The Epilogue 21:1-25

ii] Feed my sheep


The beach breakfast concludes with Jesus in conversation with Peter. Three times Jesus asks Peter whether he loves him and three times Peter replies in the affirmative. On each occasion Jesus instructs Peter to care for his sheep and then goes on to speak to the issue of Peter's death. Following Peter's question concerning the beloved disciple, our author addresses the urban myth that the beloved disciple would not die before the return of Jesus. Finally, the author-editor indicates that the tradition recorded in this gospel derives from the written works of the beloved disciple.


Always follow Jesus.


i] Context: See 21:1-14.


ii] Structure: Feed my Sheep:

Jesus recommissions Peter, v15-19:

A threefold affirmation of love;

"Feed my sheep."

Peter's martyrdom'

"Follow me."

The urban myth concerning John's death, v20-23;

Ascription by the author-editor, v24-25.

"We know that his testimony is true."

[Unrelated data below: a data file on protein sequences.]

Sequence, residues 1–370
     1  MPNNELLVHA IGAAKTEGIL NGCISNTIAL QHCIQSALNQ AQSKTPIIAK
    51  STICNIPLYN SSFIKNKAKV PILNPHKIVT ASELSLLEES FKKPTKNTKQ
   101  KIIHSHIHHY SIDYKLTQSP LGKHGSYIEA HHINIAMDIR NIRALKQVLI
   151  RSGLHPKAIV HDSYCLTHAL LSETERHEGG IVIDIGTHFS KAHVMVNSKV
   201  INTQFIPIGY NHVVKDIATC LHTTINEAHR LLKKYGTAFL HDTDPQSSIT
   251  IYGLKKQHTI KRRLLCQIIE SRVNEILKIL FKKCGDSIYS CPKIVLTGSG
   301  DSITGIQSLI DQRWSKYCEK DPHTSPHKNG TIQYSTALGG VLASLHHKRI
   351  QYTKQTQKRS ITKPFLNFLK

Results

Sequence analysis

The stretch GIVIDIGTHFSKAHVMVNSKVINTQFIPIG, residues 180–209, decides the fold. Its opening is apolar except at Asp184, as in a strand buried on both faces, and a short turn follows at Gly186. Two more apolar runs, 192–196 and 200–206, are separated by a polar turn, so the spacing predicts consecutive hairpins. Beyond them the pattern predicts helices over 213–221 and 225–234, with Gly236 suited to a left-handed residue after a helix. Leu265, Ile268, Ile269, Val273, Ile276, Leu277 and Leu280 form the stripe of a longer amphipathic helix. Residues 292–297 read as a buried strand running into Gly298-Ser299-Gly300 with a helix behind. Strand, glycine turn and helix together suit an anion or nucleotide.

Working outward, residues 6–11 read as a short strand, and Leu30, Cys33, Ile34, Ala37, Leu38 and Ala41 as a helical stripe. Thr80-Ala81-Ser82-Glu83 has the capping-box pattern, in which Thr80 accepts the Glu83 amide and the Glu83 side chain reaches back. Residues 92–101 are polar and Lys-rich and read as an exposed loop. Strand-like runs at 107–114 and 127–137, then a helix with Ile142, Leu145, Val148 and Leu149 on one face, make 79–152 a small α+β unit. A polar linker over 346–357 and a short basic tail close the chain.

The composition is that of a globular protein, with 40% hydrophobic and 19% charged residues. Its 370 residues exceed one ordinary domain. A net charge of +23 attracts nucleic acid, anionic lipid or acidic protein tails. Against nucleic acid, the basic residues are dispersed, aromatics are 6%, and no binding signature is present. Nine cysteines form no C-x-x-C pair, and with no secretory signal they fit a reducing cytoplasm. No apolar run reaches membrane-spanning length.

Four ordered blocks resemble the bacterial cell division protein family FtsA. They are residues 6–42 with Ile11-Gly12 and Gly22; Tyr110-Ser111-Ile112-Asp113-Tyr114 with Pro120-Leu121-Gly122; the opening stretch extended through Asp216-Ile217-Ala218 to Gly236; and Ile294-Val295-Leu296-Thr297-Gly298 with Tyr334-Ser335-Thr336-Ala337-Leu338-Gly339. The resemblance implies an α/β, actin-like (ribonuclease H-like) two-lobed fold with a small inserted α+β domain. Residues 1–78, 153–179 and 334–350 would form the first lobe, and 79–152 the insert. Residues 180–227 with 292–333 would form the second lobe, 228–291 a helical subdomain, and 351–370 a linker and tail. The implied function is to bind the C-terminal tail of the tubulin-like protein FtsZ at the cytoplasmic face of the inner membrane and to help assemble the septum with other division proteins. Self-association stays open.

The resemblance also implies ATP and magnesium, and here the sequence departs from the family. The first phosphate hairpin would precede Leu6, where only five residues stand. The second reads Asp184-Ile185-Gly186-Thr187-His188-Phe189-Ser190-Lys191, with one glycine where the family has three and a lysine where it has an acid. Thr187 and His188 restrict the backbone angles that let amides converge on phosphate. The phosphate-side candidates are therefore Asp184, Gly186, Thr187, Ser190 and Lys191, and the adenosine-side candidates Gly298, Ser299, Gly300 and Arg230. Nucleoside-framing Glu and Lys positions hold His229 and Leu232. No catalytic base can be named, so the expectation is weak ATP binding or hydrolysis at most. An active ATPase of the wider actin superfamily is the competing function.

iii] Interpretation:

It's interesting how this chapter seems to pick up from the conclusion of Mark's gospel. In Mark's gospel the women have found the tomb empty and there, at the tomb, a young man tells them to pass on a message to the disciples and to Peter. They are to tell them that Jesus is going before them into Galilee.

So, the disciples are now in Galilee and Jesus singles Peter out. As we all know too well, it is easy to destroy our standing within the fellowship of believers, and Peter has certainly done that by denying Jesus three times. Here is a man whose confession grounds the Christian church, now blighted by his failure to stand up for Jesus. Jesus sets out to restore Peter's standing by three times asking him whether he loves him, and then three times instructing him to feed the flock. This has "the effect of giving an almost official sanction to his restoration to his rightful place of leadership (although not "absolute primacy")", Morris. Barrett, on the other hand, does not see "rehabilitation" as central, but rather that Jesus words serve to cement Peter's role as the "great pastor" who would follow Jesus even unto death.